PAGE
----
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I understand that the rank of a positive semi-definite matrix is equal to the number of non-zero singular values of the matrix.

$$\operatorname{rank}(M) = \{ \sigma \mid \sigma \ne 0 \}$$

This is somehow related to the spectral decomposition (or singular value decomposition, as some call it), but I cannot figure out how.

This question touches on that, but I cannot figure out the relationship:

Relation between rank of a symmetric positive semi-definite matrix and its number of non-zero eigen values (or singular values)

How does the rank of a PSD matrix being equal to number of nonzero eigenvalues, follow from the spectral decomposition?

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    $\begingroup$ Multiplying a matrix on the left or right by an invertible matrix doesn't change its rank. $\endgroup$ – Qiaochu Yuan Sep 2 '17 at 19:12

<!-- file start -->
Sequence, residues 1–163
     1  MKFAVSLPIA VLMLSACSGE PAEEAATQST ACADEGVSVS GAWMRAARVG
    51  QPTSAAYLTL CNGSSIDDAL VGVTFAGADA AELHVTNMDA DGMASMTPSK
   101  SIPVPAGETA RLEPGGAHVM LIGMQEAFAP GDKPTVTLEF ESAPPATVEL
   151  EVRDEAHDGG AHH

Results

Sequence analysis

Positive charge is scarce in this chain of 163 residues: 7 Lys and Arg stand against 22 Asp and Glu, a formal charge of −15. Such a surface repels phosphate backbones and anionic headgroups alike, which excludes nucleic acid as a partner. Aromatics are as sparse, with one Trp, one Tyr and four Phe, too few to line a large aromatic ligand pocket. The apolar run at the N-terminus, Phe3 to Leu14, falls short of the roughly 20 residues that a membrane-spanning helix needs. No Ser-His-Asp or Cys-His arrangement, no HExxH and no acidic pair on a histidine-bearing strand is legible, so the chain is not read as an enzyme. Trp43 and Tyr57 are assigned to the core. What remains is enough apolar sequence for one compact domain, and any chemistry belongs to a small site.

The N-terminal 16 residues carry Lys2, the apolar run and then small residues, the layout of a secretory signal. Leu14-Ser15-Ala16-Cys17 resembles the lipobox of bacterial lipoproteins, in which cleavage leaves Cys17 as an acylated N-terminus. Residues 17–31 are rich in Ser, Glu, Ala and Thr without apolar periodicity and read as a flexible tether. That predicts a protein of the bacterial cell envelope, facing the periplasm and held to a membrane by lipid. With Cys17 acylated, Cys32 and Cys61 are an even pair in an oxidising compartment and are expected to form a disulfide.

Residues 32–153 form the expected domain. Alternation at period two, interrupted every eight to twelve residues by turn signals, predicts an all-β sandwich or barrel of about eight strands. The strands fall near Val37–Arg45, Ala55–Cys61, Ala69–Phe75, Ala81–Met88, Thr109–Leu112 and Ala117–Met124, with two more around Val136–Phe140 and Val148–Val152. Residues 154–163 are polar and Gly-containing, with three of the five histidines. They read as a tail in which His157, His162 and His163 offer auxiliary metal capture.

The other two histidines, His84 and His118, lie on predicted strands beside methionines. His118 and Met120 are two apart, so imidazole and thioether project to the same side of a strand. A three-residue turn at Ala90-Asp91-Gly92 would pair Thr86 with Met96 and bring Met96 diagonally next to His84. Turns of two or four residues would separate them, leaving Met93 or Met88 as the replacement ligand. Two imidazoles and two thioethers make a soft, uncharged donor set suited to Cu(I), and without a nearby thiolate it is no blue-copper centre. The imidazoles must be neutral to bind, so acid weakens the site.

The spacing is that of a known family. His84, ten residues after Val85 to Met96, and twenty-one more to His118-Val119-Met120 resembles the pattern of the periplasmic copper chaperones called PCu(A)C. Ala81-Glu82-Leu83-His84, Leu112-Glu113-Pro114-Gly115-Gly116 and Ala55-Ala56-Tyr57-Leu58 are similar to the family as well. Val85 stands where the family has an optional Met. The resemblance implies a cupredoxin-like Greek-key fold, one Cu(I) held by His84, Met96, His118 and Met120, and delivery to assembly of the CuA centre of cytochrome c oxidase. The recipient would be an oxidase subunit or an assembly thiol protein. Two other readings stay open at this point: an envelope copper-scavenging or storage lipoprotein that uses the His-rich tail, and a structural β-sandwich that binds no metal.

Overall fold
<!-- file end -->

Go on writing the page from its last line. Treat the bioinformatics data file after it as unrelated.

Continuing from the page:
• $\begingroup$ Sorry, but how does that help me understand this problem? $\endgroup$ – Sother Sep 3 '17 at 3:02
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    $\begingroup$ If $M$ has SVD $M = U \Sigma V^T$, then multiply $M$ by $U^{-1}$ on the left, then by $V$ on the right. If you really want to reduce to the quoted fact about PSD matrices, show that $M$ has the same rank as $M^T M$. (Throughout I'm assuming real matrices; if complex, replace transposes with conjugate transposes.) $\endgroup$ – Qiaochu Yuan Sep 3 '17 at 3:12
  • $\begingroup$ This is true for any matrix - not just PSD matrices $\endgroup$ – Hunle Oct 9 '17 at 5:51
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For any matrix, PSD or not, the rank of the matrix equals the number of nonzero singular values, and hence equals the number of nonzero eigenvalues.

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  • $\begingroup$ Hello, I have the same question. I dont understand this answer however. Can you give a proof that the rank of the matrix equals the number of nonzero singular values? Is this obvious? In that case I'm sorry if this is a dumb question. $\endgroup$ – tarkovsky123 May 11 '18 at 16:01

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